Acute otitis media (AOM) is an infection of the middle ear (the space located behind the eardrum) that has been present for 3 weeks or less. AOM results from bacterial or viral infections of the middle ear space along with blockage of the Eustachian tube. The Eustachian tube runs from the middle ear to the back of the nose and usually drains fluid produced in the middle ear. Several factors can cause the Eustachian tube obstruction, including allergies, extra saliva or mucus produced during teething, cold/sinus infections, enlarged or infected adenoids, or irritation from tobacco smoke. AOM is very common in children and infants because their Eustachian tubes can be easily blocked, but AOM may also occur in adults.
Symptoms can include fever, ear pain, ear drainage, and decreased hearing. Children with AOM may tug or pull at their affected ear, be irritable, cry more than usual, have trouble sleeping, lose their balance easily, have a fever over 100°F, have loss of appetite, or vomit due to nausea. Most ear infections do not need to be treated with antibiotics. Treatment will depend on several factors, including the child’s age and severity of symptoms. Symptoms usually improve within the first few days, and most infections clear up on their own without treatment within 1-2 weeks. Therefore, a “wait and see” approach is often recommended for the first 48-72 hours in children greater than 2 years of age that are otherwise healthy and have only mild, non-progressive symptoms.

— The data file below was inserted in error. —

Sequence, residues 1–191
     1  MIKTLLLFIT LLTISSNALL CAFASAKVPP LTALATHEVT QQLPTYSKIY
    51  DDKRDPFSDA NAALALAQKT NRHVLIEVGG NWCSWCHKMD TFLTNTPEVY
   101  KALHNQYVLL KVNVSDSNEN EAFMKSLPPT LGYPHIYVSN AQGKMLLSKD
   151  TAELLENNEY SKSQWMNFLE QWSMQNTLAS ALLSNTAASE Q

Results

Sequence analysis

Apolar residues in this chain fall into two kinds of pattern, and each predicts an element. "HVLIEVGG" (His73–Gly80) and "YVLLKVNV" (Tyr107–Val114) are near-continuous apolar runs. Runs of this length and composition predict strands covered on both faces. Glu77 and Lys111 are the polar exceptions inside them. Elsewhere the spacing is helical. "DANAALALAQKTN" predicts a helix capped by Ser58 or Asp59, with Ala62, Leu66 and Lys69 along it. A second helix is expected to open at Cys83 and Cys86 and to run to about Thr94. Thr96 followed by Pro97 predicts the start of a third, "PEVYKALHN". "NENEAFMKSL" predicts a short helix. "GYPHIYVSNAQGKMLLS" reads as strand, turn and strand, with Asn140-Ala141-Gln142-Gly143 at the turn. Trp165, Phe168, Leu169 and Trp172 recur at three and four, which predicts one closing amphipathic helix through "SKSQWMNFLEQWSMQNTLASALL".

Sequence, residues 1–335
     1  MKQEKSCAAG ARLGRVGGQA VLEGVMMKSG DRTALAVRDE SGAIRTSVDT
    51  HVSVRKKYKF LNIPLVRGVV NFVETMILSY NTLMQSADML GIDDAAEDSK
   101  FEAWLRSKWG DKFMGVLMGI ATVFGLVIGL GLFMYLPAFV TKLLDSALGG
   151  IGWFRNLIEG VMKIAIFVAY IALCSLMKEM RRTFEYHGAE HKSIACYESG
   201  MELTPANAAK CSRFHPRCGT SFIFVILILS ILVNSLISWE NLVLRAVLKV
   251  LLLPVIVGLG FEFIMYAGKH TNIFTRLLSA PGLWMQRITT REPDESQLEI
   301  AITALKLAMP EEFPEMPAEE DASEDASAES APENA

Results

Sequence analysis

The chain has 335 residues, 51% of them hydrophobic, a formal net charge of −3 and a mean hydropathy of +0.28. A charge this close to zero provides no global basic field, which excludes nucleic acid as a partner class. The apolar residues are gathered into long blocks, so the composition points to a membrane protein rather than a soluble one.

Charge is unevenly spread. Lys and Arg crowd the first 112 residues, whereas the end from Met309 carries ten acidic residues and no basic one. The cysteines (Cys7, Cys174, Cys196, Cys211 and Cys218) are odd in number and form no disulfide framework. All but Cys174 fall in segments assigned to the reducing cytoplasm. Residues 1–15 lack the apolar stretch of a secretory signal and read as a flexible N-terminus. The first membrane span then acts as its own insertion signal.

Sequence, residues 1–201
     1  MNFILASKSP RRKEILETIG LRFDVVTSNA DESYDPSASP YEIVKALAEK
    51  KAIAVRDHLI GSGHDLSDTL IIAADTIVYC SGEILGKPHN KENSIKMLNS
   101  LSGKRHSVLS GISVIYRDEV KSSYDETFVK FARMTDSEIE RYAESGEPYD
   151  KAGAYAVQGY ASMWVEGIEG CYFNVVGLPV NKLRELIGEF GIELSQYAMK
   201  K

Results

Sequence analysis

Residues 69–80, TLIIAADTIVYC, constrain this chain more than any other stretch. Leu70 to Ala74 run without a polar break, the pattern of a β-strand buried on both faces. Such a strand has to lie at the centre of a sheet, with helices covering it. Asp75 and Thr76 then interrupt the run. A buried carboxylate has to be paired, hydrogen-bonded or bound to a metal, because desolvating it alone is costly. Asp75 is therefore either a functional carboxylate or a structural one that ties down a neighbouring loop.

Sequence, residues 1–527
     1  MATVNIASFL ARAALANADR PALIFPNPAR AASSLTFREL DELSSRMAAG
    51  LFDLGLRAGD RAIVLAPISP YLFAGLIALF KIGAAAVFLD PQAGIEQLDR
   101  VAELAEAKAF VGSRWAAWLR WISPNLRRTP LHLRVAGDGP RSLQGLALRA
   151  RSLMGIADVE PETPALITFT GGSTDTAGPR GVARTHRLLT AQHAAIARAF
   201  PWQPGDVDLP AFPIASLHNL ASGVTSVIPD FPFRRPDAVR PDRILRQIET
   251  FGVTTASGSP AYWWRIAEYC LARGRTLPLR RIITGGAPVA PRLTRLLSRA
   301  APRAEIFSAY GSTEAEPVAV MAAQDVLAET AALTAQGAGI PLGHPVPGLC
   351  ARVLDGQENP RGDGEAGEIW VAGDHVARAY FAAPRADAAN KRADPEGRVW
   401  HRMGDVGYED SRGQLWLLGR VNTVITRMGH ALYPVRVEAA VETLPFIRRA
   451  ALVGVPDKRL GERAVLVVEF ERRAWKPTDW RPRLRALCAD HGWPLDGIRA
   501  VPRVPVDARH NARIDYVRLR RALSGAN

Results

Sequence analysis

Indications to see a doctor include worsening symptoms over 24-48 hours, high fever, severe ear pain, ear discharge, severe headache, dizziness, swelling around the ear, or weakness/twitching of facial muscles. Antibiotics are often prescribed for children less than 2 years old, those who have high fevers, those with moderate-severe ear pain, and individuals with symptoms that do not improve within 24-48 hours.
Why Choose Us
- Dr. Abraham Jacob, Medical Director for Ear & Hearing (E&H) at the Center for Neurosciences (CNS), is fellowship trained in Otology, Neurotology, and Cranial Base Surgery. He is the first and most experienced Neurotologist recruited to the Tucson area.
- Dr. Jacob was a founding member of the University of Arizona (UA) Department of Otolaryngology prior to his departure and transition to CNS. At UA, he was Vice Chair of ENT and held the rank of full Professor with Tenure.
- Dr. Jacob transitioned his practice to the Center for Neurosciences in early 2017 as he felt the new environment helped him to optimize the delivery of personalized ear and lateral skull base care.
- Primary care physicians such as family doctors, pediatricians, and internists often treat acute otitis media. Should complications such as mastoiditis, labyrinthitis, tympanic membrane perforations, facial nerve weakness, or intracranial infection arise, referral to Dr. Jacob for his specific medical/surgical expertise in Otology & Neurotology is recommended. With comprehensive tools available to him for in-office examination, assessment of hearing, and surgical management, Dr. Jacob is able to provide definitive care for all ear and lateral skull base disorders.
Ear & Hearing Appointments
Our Otologist/Neurotologist specializes in the medical and surgical care of patients with disorders of the ear and lateral skull base. Otology/Neurotology and Audiology work together to offer complete hearing health solutions.
To schedule an appointment with our Ear & Hearing department, please call us at (520) 795-7750.
Our Physicians’ Goal
Our physicians’ goal is to provide the highest-quality neurological care– the same level of care we would want for ourselves or our loved ones.
We will help our patients to understand their condition, listen to their concerns, answer their questions, and provide the best clinical treatment available.